University of British Columbia
3:30 p.m. • DC 1302
Abstract: This talk will discuss the FCC’s “incentive auction,” which proposes to give television broadcasters an opportunity to sell their broadcast rights, to repack remaining broadcasters into a smaller block of spectrum, and to resell the freed airwaves to telecom companies. The stakes for this auction are huge — projected tens of billions of dollars in revenue for the government — justifying the design of a special-purpose descending-price auction mechanism, which I’ll discuss. An inner-loop problem in this mechanism is determining whether a given set of broadcasters can be repacked into a smaller block of spectrum while respecting radio interference constraints. This is an instance of a (worst-case intractable) graph coloring problem; however, stations’ broadcast locations and interference constraints are all known in advance. Early efforts to solve this problem considered mixed-integer programming formulations, but were unable to reliably solve realistic, national-scale problem instances. We advocate instead for the use of a SAT encoding, paired with a wide range of techniques: constraint graph decomposition; novel caching mechanisms that allow reuse of partial solutions from related, solved problems; algorithm configuration; algorithm portfolios; and the marriage of local-search and complete solver strategies. We show that our approach solves virtually all of a set of problems derived from auction simulations within the short time budget required in practice.
Biography: Kevin Leyton-Brown is a professor of computer science at the University of British Columbia. He holds a PhD and MSc from Stanford University (2003; 2001) and a BSc from McMaster University (1998). He studies the intersection of computer science and microeconomics, addressing computational problems in economic contexts and incentive issues in multiagent systems. He also applies machine learning to the automated design and analysis of algorithms for solving hard computational problems.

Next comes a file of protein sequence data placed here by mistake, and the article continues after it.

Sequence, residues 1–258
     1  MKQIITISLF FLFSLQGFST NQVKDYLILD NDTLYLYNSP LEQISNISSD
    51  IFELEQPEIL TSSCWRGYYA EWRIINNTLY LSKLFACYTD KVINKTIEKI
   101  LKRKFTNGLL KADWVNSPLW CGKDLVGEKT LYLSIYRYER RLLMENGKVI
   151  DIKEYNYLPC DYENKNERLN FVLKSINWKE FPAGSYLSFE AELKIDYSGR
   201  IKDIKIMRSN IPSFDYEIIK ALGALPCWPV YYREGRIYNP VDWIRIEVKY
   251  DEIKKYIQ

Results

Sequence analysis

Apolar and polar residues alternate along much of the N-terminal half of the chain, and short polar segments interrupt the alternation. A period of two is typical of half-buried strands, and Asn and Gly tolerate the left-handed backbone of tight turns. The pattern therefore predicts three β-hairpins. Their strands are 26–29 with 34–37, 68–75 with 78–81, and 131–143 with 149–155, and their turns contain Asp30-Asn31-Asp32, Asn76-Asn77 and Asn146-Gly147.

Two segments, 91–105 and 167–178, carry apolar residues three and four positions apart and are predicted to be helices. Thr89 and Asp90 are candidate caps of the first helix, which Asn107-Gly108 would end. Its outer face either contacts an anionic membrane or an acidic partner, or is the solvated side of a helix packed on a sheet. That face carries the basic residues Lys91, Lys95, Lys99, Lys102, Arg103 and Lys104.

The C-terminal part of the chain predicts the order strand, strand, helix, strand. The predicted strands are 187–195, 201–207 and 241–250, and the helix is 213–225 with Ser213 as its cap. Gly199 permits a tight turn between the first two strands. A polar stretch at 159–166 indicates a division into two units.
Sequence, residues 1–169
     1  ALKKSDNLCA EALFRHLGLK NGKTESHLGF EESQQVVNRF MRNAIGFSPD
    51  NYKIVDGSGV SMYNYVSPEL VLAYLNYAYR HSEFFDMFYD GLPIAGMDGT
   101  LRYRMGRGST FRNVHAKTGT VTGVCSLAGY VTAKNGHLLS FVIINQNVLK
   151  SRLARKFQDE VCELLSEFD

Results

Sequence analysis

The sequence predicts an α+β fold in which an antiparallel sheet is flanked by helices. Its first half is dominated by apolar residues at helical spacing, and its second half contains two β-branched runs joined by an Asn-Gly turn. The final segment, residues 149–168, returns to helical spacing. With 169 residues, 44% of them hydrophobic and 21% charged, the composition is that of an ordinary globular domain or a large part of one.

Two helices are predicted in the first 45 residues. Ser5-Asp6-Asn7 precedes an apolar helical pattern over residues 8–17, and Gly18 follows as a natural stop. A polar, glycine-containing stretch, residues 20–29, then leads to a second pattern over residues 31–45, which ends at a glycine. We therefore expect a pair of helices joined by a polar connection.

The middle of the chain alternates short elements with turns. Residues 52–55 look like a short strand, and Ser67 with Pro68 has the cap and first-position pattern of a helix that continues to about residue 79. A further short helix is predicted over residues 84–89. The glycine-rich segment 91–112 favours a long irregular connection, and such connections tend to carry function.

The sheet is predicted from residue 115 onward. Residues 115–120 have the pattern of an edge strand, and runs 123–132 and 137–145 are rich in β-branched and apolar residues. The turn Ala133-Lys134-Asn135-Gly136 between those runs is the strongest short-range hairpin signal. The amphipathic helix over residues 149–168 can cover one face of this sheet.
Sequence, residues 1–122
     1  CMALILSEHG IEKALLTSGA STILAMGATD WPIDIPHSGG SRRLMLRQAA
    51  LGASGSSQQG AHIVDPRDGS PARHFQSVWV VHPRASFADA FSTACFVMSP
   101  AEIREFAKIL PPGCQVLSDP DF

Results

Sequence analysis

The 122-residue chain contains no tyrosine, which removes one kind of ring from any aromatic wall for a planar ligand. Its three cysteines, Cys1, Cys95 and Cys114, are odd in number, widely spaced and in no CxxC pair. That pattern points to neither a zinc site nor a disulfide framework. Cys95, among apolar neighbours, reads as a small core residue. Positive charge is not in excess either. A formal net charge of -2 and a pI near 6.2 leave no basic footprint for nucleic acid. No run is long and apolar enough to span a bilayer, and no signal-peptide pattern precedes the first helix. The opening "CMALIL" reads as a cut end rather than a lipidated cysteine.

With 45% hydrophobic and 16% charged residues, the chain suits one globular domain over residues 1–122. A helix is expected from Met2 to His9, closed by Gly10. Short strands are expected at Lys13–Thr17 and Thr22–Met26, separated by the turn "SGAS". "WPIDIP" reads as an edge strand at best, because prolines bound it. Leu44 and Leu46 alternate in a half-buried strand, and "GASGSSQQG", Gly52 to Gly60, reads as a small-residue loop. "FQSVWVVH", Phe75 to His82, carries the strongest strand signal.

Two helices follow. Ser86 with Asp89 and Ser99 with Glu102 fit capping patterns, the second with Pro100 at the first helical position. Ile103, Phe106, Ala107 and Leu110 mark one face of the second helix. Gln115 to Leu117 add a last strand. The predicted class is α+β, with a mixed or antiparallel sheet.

He has co-written two books, "Multiagent Systems" and "Essentials of Game Theory," and over 100 peer-refereed technical articles; his work has received over 7,000 citations and an h-index of 35. He is the recipient of UBC's 2015 Charles A. McDowell Award for Excellence in Research, a 2014 NSERC E.W.R. Steacie Memorial Fellowship—previously given to a computer scientist only 10 times since its establishment in 1965—and a 2013 Outstanding Young Computer Science Researcher Prize from the Canadian Association of Computer Science. He and his co-authors have received paper awards from JAIR, ACM-EC, AAMAS and LION, and numerous medals for the portfolio-based SAT solver SATzilla at international SAT solver competitions (2003–15).
He is chair of the ACM Special Interest Group on Electronic Commerce, which runs the annual Economics and Computation conference. He serves as an associate editor for the Artificial Intelligence Journal (AIJ), ACM Transactions on Economics and Computation (ACM-TEAC), and AI Access; serves as an advisory board member for the Journal of Artificial Intelligence Research (JAIR, after serving as associate editor for two 4-year terms), and was program chair for the ACM Conference on Electronic Commerce (ACM-EC) in 2012. He has co-taught two Coursera courses on "Game Theory" to over half a million students, and has received awards for his teaching at UBC—notably, a 2013/14 Killam Teaching Prize. He is currently a visiting faculty member at the Simons Institute for the Theory of Computing; previously, he split his 2010–11 sabbatical between Makerere University in Kampala, Uganda, and the Institute for Advanced Studies at Hebrew University of Jerusalem, Israel. He currently advises Auctionomics, Inc. (and through them, the Federal Communications Commission), Zynga, Inc., and Qudos, Inc. He is a co-founder of Kudu.ug and a new UBC spinoff, Meta-Algorithmic Technologies. In the past, he served as a consultant for Trading Dynamics Inc., Ariba Inc., Cariocas Inc., and was scientific advisor to UBC spinoff Zite Inc. until it was acquired by CNN in 2011.
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